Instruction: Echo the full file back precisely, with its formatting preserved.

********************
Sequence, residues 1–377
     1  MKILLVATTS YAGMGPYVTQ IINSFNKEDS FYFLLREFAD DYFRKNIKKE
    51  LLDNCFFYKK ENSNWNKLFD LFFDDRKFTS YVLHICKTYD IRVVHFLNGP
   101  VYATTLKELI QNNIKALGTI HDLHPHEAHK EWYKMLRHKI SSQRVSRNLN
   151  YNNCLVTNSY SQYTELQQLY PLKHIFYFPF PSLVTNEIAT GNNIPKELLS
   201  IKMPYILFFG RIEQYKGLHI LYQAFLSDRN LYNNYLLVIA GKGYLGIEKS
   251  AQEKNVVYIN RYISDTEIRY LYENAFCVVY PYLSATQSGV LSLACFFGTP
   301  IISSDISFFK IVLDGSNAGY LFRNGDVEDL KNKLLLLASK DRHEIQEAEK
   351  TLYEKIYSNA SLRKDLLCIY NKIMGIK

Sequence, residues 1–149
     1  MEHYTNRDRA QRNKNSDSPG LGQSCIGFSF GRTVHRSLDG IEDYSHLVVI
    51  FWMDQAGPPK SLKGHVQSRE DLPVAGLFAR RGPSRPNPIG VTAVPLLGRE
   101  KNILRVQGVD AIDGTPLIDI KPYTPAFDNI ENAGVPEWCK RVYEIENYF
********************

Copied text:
Sequence, residues 1–377
     1  MKILLVATTS YAGMGPYVTQ IINSFNKEDS FYFLLREFAD DYFRKNIKKE
    51  LLDNCFFYKK ENSNWNKLFD LFFDDRKFTS YVLHICKTYD IRVVHFLNGP
   101  VYATTLKELI QNNIKALGTI HDLHPHEAHK EWYKMLRHKI SSQRVSRNLN
   151  YNNCLVTNSY SQYTELQQLY PLKHIFYFPF PSLVTNEIAT GNNIPKELLS
   201  IKMPYILFFG RIEQYKGLHI LYQAFLSDRN LYNNYLLVIA GKGYLGIEKS
   251  AQEKNVVYIN RYISDTEIRY LYENAFCVVY PYLSATQSGV LSLACFFGTP
   301  IISSDISFFK IVLDGSNAGY LFRNGDVEDL KNKLLLLASK DRHEIQEAEK
   351  TLYEKIYSNA SLRKDLLCIY NKIMGIK

Sequence, residues 1–149
     1  MEHYTNRDRA QRNKNSDSPG LGQSCIGFSF GRTVHRSLDG IEDYSHLVVI
    51  FWMDQAGPPK SLKGHVQSRE DLPVAGLFAR RGPSRPNPIG VTAVPLLGRE
   101  KNILRVQGVD AIDGTPLIDI KPYTPAFDNI ENAGVPEWCK RVYEIENYF